i am fairly young (26) and received my MS in community health nursing in May. After graduation, I accepted a job as a program director in an adult day health center and have been working there since August- I have two years of nursing experience in a community health setting.
BUt, I don't like being a manager. I dislike having to write policies, procedures, and dealing with paper all day. I can't get anyone to follow me. I dislike being the manager of people and being the regulator - making sure people are not coming in late, taking long lunches, taking advantage of me, etc. What made this job harder is that nobody trained me to do it. Previous management had quit so I sort of had to train myself on what my daily duties are and what the rules and regulations of adult day healh centers are so I still feel like I'm floundering a little. The only other manager in this center is someone who is also new (hired a month before me), and has no adult day health or management experience.
I guess my question is ... are there some people who just weren't meant to be managers/leaders? Would it look bad for me to quit this job after 4 months and apply to just be a staff nurse somewhere else?? Would that make me look like a job hopper?
Any advice/comments/suggestions would be much appreciated!!
Dec 13, '07
Not everyone is meant to be a manager. It takes a very strong person to be the "bad guy". It takes even more strength to be the boss and still uphold your morals and ethics in the face of extreme opposition from both employees and employers.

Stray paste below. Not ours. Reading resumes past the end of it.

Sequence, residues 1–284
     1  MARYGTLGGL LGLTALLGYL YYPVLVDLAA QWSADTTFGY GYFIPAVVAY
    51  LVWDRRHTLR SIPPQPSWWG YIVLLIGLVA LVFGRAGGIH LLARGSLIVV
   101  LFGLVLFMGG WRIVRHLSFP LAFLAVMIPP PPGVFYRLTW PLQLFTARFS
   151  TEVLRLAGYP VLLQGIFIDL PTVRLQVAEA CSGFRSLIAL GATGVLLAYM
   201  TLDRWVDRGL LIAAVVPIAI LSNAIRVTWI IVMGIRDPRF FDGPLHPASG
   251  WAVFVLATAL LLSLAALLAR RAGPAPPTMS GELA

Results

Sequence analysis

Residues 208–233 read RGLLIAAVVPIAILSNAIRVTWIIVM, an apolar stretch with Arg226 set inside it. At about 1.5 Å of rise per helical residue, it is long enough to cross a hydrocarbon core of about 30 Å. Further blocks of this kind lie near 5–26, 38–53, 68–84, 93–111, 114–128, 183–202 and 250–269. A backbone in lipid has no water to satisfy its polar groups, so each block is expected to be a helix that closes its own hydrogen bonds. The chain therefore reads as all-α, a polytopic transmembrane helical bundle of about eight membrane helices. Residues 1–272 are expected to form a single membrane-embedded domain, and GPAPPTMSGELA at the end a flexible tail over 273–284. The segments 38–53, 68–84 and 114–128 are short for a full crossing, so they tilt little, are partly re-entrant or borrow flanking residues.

Quit now and get a staff job before you get too much more time into the management position. After you have been a manager for some time, it is difficult to convince a prospective employer that you don't want the responsibility anymore and just want to be a staff nurse.
When they ask why you quit the management job and want to be a staff nurse, simply say that you realized that you were not yet ready to take on a management position and desire to get more experience before making the transition to management. This type of move is generally not considered job hopping. If you have to, explain that the previous job did not give enough support to a new manager and that you feel you need more experience in order to be able to step into a position that does not have more education and support for new managers.
Good luck! Glad you recognized this so soon. Too many managers never recognize this issue and continue to be managers while being miserable in their position. This negativity always impacts the staff.